This month is filled with exciting football games with friends, pumpkin spiced everything, grocery store aisles lined with candy and re-watching Hocus Pocus (no matter what age you are!)
But more importantly, October is Breast Cancer Awareness Month. 1 in 3 Cancers that are diagnosed in the United States is Breast Cancer. 1 in 8 women will be diagnosed in their lifetime but there are things you can do to help prevent breast cancer. Such as: exercise, eating cancer reducing foods such as salmon, pomegranate, green tea, etc., knowing your family history, breastfeeding and watching your alcohol consumption are important ways to lower your odds of getting breast cancer.
Early detection can also be a life saver. You can reduce your risk by performing monthly self-exams starting at the age of 20. Self exams should be done around the same time every month, seven to ten days after your cycle. You can perform breast self-exams in the shower, in front of a mirror, or lying down. Look for lumps, skin thickening or changes in nipple appearance. Make sure to see a doctor if you notice any changes. You should also have clinical breast exams with a physician every 3 years starting at the age of 20; and annually after age 40. It’s important to be aware of what’s going on with your body to help find and treat diseases early on. It’s just as important to spread the word about mammograms and encourage communities, organizations, families and individuals to get involved! This article was inspired to show support for breast cancer fighters and survivors, while honoring those who were taken.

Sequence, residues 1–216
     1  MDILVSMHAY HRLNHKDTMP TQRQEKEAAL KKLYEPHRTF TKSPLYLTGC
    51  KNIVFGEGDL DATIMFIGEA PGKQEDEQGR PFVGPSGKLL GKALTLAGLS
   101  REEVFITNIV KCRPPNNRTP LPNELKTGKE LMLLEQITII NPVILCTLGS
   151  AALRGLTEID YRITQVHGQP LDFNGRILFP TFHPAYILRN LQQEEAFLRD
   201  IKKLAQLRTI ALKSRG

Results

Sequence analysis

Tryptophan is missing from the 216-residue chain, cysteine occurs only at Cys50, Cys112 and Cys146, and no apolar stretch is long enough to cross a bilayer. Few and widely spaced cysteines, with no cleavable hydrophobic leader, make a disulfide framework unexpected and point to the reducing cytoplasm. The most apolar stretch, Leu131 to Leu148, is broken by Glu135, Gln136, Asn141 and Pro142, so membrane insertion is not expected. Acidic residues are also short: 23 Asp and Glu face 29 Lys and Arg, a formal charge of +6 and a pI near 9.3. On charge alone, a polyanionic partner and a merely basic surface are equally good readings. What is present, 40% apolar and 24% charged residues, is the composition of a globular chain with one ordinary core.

This article is dedicated to Dr. Judy Brown-Allen. A tenured Sociology professor, attorney, mentor, role model and stage four breast cancer survivor. She had graduated from law school and was about to begin her career as a corporate lawyer when she began noticing that she was losing a lot of her hair and experiencing severe night sweats. “Before I could even taste it – it was all snatched away overnight,” she said.
After many years and 16 different surgeries, she became cancer-free in 2003. Unfortunately, this past Spring she found out that her cancer had returned. Her generosity and service while going through this extend far beyond herself and into the community as well. One of her notable accomplishments is helping to set up a Survivor’s Walk for Kennesaw State University through Relay for Life. This is just a small legacy that she holds. She’s an incredible woman. She’s the 1 in 8 that urges you get checked, take care of your body and help raise awareness for Breast Cancer.